Cock & Bull Chef Asher Stevens Isn't Scared Of A Little Venison.

Welcome to Wild Things, where we dive into the kitchens of some of Dallas' most daring chefs to find out what wild, interesting ingredients these food artists are playing with. Whether it's a taboo ingredient or just a food item you wouldn't think you'd find at a certain establishment, it's about time someone highlighted the unconventional or unexpected. Here, we invite you to open your mind — and your mouth — to the wild things in Dallas.

In our inaugural Wild Things feature, we highlight an interesting meat rarely found at a neighborhood pub. Here, Cock & Bull Neighborhood Pub executive chef Asher Stevens dishes on the wildest thing in his kitchen, which was previously featured as a temporary special dish but now stands a popular regular menu item.

What is the wildest ingredient in your kitchen?
I guess the venison. It's farm-raised New Zealand venison. A lot of places don't carry venison, and I don't think most people expect to find that when they walk in the door here.

What does it taste like?
It's a leaner meat. It's a lot leaner than beef, [but] it's similar to beef. This one doesn't have a gamey taste like most people are used to because it's farm-raised. It's a lot milder. It's a venison tenderloin.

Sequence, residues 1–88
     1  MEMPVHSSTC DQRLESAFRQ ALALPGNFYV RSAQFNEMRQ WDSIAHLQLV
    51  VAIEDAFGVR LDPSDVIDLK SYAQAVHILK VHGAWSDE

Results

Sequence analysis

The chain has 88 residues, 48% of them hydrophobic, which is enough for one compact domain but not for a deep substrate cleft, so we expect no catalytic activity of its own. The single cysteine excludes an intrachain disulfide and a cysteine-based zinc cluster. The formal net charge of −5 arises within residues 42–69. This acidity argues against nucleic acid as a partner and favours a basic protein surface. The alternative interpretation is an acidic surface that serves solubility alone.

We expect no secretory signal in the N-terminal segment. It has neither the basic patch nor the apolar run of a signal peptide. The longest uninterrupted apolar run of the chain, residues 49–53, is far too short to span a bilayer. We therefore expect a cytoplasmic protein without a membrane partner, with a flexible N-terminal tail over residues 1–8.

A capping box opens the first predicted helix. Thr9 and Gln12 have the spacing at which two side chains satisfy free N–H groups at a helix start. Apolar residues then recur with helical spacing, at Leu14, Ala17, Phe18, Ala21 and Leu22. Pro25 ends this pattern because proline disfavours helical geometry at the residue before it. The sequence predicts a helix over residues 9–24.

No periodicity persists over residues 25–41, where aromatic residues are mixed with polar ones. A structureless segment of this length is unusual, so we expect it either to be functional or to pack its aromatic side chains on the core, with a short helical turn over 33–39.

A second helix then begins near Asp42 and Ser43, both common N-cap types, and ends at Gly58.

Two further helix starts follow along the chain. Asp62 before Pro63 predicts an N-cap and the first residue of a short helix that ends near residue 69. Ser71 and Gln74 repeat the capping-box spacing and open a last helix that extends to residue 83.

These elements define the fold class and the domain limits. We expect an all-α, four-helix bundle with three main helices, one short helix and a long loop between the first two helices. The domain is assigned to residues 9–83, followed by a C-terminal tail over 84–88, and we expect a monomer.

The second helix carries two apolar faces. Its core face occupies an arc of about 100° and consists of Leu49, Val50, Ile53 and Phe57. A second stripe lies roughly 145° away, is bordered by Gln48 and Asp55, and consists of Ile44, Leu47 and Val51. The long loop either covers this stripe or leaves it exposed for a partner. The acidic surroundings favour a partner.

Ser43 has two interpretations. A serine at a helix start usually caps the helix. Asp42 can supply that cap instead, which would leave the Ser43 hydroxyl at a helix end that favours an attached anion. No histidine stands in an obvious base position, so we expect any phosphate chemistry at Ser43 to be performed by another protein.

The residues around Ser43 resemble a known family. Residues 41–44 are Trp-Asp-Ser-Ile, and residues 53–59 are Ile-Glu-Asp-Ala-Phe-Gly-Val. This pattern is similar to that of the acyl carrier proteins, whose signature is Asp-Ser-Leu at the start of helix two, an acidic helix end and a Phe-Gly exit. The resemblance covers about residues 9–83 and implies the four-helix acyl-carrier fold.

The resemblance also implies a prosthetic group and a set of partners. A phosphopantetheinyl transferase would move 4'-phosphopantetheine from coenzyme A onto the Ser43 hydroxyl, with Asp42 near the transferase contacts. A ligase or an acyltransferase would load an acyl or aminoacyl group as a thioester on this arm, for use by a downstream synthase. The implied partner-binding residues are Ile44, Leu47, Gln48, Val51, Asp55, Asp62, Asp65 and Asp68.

Why did you decide to start featuring this ingredient?
Meat's just a big seller here. Fish really never moved a lot, but any type of meat that we bring in seems to move. Venison took a minute to kind of catch on a little. Now we have people that come in regularly for it — at least once a week.

What makes having this item in your kitchen special?
[It let's people] try something different. It's very unique, and the flavors that are involved in the dish [make it worth trying]. The dish itself is a seared venison that's marinated with juniper berries and balsamic vinegar to give it a nice tanginess. It's served with grilled peach epazote chow chow and green tomato concasse. The grilled peach epazote chow chow is like a relish. The green tomato concasse is basically fresh tomatoes that have been peeled and seeded, chopped up and marinated to bring out a little more of the sourness. So you have sweet, savory, sour and tangy all together.

Fresh, raw venison tenderloin. Stevens receives a case, which includes 12 venison tenderloins, every other week

A marinated cut of venison, ready to be seared. Stevens marinates a six-ounce cut of venison in balsamic vinegar and juniper berries for 24 hours.

The thick, juicy cut of venison is seasoned with salt and pepper and seared. The balsamic vinegar it was marinated in caramelizes and results in nice sear marks.

The venison is cooked medium rare, sliced and topped with grilled peach epazote chow chow and green tomato concasse.

Stevens posts with his “Venison & TX Peaches” dish, $22.

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